amount of $400. The fact that the defendant is insolvent, and that she has no property other than that conveyed to her by the plaintiffs, is shown; and the prayer is for a judgment against the defendant for the money alleged to be due the plaintiffs as purchase money, and that a vendor's lien be declared and foreclosed against the real estate so conWeyed by them to the defendant. Counsel for appellant claim that the paragraph is not sufficient on demurrer, for the reason that the parol agreement relied on was merged in the deed of conveyance executed by the appellees to appellant, and as it does not appear that this deed provided for the payment by the appellant of the liens in controversy “as a part consideration of the purchase money.” Therefore it is said that the pleading is not sufficient to enforce a vendor's lien. Appellees contend, however, that they are not seeking to change the terms or provisions of any written contract or deed by a previous or contemporaneous parol agreement, but are only seeking to show thereby what the real and true consideration was which entered into the execution of the deed conveying their real estate to appellant. It may be said that the facts alleged in the second paragraph show that the transaction or deal between the parties to this action was in the nature of an exchange of property. By the averments of the pleading, it is disclosed that under the terms of the written contract, executed prior to the verbal agreement in dispute, appellees were to accept from appellant a deed of conveyance to her property situated in the city of Frankfort, subject to a certain mortgage lien, and also subject to the lien of the taxes of 1894; but this property was not to be taken by appellees subject to any other lien or liens. They were to accept it, as previously agreed, as the consideration for the conveyance to appellant of the Kokomo property. Before the final transfer of the latter to appellant, however, it was ascertained that the liens in controversy existed against the Frankfort property in addition to those subject to which appellees had by the original contract agreed to accept said property. The latter, on discovering these additional liens, it appears, refused to further proceed in the matter until appellant either paid and satisfied such liens or made provision for their payment. In order, then, as it is shown, to induce appellees to consummate the deal, and finally execute to appellant a deed, which they did, for the real estate in Kokomo, the latter verbally agreed to pay and satisfy the liens in question within 10 days, as a part or further consideration for the conveyance of the latter property to her. We think it reasonably appears from the facts that, under the parol agreement, the payment and discharge of these liens by appellant expressly became a part of and entered into the consideration upon which the conveyance of the Kokomo property rested: and the failure of appellant to comply with her agreement to pay and satisfy them, and thereby relieve the property from these incumbrances, must be considered as a default on her part to pay the purchase price of the real estate in dispute, to the amount due upon the liens, principal and interest; and appellees, having paid this amount, and satisfied the liens, would be entitled, under the circumstances, to proceed against appellant for the recovery of the amount so paid, and to enforce a vendor's lien on the realty conveyed to her. It is the settled rule in this state that, where the consideration in a deed is stated in general terms, the true or real consideration may be shown by either party for any purpose, by parol evidence, except to defeat the operation of the deed as a valid and effective grant, and it may be shown by such evidence that the grantee verbally agreed as a part of the consideration to pay an incumbrance existing on the real estate conveyed. Levering v. Schockey, 100 Ind. 558; Hays v. Peck, 107 Ind. 389, 8 N. E. 274, and authorities cited. Under the facts, this case comes fully within this doctrine. As a general rule, all preliminary negotiations between the parties leading up to the execution of a deed, with Some exceptions, are merged in the deed; but this rule, under our decisions, does not apply to the consideration, except where the instrument specifically sets forth the consideration. In Hays v. Peck, supra, Elliott, J., speaking as the organ of this court, said: “It is an elementary doctrine that the consideration of a deed may be shown by parol; and it is impossible to give effect to this doctrine without permitting the parties to prove What agreement as to the consideration preceded the execution of the deed. The agreement as to the consideration necessarily precedes the execution of the deed; and the fact that the consideration was agreed upon some time prior to the delivery of the deed does not preclude the grantor from showing what constituted the consideration of the deed. To hold otherwise would be to run counter to the rudimentary doctrine that it is always competent to prove the actual consideration yielded for the conveyance of land.” See, also, Pickett v. Green, 120 Ind. 584, 22 N. E. 737; Nichols, Shepard & Co. v. Burch, 128 Ind. 324, 27 N. E. 737; Smith v. McClain, 146 Ind. 77, 45 N. E. 41; Pennsylvania Co. v. Dolan, 6 Ind. App. 109, 32 N. E. 802. The second paragraph of the complaint is sufficient, and there was no error in overruling the demurrer thereto. The facts stated in the special finding fully support those set up in the second paragraph of the complaint, and sustain the trial court's conclusion of law. The evidence is not before us, for the reason that it does not appear from the record that the bill of exceptions said to contain it was filed with the clerk or in open court. This is essential. See act approved March 8, 1897 (Acts 1897, p. 244); Miller v. Railroad Co., 143 Ind. 570, 11 N. E. 801, and 42 N. E. 806; Drake V. 50 N.E.-6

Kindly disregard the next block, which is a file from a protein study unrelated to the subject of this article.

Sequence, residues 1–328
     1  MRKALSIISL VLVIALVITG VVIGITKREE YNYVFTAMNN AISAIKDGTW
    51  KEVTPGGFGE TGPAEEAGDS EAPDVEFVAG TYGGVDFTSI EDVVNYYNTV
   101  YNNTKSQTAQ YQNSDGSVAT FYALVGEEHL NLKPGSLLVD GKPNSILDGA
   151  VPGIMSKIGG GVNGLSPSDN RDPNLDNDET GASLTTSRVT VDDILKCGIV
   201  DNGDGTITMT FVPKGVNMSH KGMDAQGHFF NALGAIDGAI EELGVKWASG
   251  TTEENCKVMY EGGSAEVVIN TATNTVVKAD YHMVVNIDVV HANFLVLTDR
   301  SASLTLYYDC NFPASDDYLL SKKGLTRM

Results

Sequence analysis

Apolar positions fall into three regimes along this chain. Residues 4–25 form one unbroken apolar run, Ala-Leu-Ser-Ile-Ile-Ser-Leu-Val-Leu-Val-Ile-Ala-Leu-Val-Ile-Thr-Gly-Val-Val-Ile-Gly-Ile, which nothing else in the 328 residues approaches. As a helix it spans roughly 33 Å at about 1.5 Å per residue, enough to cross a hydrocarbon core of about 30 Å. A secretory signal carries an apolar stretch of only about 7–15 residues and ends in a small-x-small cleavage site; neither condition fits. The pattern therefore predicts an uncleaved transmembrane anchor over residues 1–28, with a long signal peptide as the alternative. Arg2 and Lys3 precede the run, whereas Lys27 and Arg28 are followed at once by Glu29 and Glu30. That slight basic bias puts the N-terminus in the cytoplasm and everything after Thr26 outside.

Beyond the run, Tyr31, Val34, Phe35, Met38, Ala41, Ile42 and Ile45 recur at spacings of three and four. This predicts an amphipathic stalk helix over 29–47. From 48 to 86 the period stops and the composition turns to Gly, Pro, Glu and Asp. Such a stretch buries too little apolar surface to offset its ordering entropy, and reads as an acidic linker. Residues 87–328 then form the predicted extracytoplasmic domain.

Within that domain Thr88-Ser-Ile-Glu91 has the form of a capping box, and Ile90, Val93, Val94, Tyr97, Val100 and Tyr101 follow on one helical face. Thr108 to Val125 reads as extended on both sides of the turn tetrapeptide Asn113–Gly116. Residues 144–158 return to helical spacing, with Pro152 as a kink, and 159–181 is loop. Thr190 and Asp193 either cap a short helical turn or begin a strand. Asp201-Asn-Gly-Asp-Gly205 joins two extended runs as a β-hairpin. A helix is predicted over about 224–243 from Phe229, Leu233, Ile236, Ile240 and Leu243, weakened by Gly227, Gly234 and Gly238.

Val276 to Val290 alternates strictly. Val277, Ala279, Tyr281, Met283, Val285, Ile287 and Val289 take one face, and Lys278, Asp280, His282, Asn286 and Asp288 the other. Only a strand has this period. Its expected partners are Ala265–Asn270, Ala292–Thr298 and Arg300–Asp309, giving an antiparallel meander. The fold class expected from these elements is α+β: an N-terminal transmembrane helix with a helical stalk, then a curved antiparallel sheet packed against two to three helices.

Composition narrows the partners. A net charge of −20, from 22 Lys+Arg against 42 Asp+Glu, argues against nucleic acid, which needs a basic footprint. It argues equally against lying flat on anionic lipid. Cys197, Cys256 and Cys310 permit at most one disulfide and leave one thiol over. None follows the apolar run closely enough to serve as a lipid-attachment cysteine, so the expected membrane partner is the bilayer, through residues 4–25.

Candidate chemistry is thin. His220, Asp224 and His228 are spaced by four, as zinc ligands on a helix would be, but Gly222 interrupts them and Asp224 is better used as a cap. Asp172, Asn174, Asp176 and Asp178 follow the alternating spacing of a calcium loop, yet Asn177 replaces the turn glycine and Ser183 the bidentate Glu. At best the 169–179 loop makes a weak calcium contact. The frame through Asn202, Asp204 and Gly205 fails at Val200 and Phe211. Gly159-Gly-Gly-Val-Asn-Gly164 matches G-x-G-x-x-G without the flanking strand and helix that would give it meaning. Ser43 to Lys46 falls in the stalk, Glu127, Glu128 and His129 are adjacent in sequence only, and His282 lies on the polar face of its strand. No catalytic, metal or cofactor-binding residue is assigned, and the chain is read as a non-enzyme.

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MUN1c1 PAL Corporations—Coxstitutiox AL LIMIT oF INDEBTEDx Ess—ContRActs—Coxsi DERATION. 1. For the erection of a school house a town agreed to pay a sum which raised its indebtedness so that it exceeded the constitutional limit by one-half the amount of the contract price. The contractors gave a bond for the performance of the contract, but abandoned the work before it was completed. Held that, since such portion of the contract price which was within the constitutional limit was a valid indebtedness, it constituted a sufficient consideration for the contract, and the contractors and their sureties could not, therefore, escape liability for failure to complete the building on the ground that the contract was invalid, as creating a debt in excess of the town's constitutional limit. 2. Under its contract for the erection of a school house, a town was authorized to complete the building and charge the expense to the contractors if they failed to perform their agreement. Held, that the contractors, who abandoned the work before its completion, could not recover of the town for material left by them upon the ground, and used by the town in completing the building, if the cost of completing the building above the contract price exceeded the value of such material. 3. Contractors abandoned a building partly completed, and upon which there was a sum due them above what they had received. The owners, under the terms of the contract, completed the building and charged the expense above the contract price to the contractor. Held, that the contractors could not recover the amount due them at the time of the abandonment if the amount, above the contract price, expended by the owners in completing the building, together with the damages for noncompletion within the agreed time, exceeded the amount of the contractors’ claim.